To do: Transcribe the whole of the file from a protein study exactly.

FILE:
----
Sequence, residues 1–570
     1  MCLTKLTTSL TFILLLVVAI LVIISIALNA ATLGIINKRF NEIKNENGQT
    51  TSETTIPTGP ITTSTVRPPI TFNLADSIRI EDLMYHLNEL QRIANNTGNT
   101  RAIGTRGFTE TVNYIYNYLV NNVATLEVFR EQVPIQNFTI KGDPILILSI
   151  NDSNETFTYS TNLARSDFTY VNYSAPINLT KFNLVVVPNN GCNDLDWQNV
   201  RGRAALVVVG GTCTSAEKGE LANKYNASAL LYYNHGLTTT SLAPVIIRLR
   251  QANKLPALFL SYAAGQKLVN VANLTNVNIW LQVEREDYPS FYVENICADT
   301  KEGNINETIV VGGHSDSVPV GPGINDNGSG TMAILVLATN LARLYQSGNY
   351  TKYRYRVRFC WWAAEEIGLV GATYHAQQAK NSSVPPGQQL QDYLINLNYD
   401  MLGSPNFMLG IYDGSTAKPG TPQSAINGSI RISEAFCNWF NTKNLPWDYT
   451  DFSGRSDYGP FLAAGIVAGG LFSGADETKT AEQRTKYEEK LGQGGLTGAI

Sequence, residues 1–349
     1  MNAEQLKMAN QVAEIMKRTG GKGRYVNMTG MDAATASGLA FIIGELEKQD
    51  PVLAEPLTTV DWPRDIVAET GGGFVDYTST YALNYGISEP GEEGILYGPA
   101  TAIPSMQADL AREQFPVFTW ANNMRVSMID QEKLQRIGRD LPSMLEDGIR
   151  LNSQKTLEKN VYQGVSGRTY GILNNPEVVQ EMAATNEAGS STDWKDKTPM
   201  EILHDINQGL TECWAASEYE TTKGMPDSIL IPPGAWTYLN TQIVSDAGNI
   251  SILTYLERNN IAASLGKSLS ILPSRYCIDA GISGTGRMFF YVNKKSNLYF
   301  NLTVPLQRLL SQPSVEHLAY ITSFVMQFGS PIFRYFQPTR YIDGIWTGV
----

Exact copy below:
Sequence, residues 1–570
     1  MCLTKLTTSL TFILLLVVAI LVIISIALNA ATLGIINKRF NEIKNENGQT
    51  TSETTIPTGP ITTSTVRPPI TFNLADSIRI EDLMYHLNEL QRIANNTGNT
   101  RAIGTRGFTE TVNYIYNYLV NNVATLEVFR EQVPIQNFTI KGDPILILSI
   151  NDSNETFTYS TNLARSDFTY VNYSAPINLT KFNLVVVPNN GCNDLDWQNV
   201  RGRAALVVVG GTCTSAEKGE LANKYNASAL LYYNHGLTTT SLAPVIIRLR
   251  QANKLPALFL SYAAGQKLVN VANLTNVNIW LQVEREDYPS FYVENICADT
   301  KEGNINETIV VGGHSDSVPV GPGINDNGSG TMAILVLATN LARLYQSGNY
   351  TKYRYRVRFC WWAAEEIGLV GATYHAQQAK NSSVPPGQQL QDYLINLNYD
   401  MLGSPNFMLG IYDGSTAKPG TPQSAINGSI RISEAFCNWF NTKNLPWDYT
   451  DFSGRSDYGP FLAAGIVAGG LFSGADETKT AEQRTKYEEK LGQGGLTGAI

Sequence, residues 1–349
     1  MNAEQLKMAN QVAEIMKRTG GKGRYVNMTG MDAATASGLA FIIGELEKQD
    51  PVLAEPLTTV DWPRDIVAET GGGFVDYTST YALNYGISEP GEEGILYGPA
   101  TAIPSMQADL AREQFPVFTW ANNMRVSMID QEKLQRIGRD LPSMLEDGIR
   151  LNSQKTLEKN VYQGVSGRTY GILNNPEVVQ EMAATNEAGS STDWKDKTPM
   201  EILHDINQGL TECWAASEYE TTKGMPDSIL IPPGAWTYLN TQIVSDAGNI
   251  SILTYLERNN IAASLGKSLS ILPSRYCIDA GISGTGRMFF YVNKKSNLYF
   301  NLTVPLQRLL SQPSVEHLAY ITSFVMQFGS PIFRYFQPTR YIDGIWTGV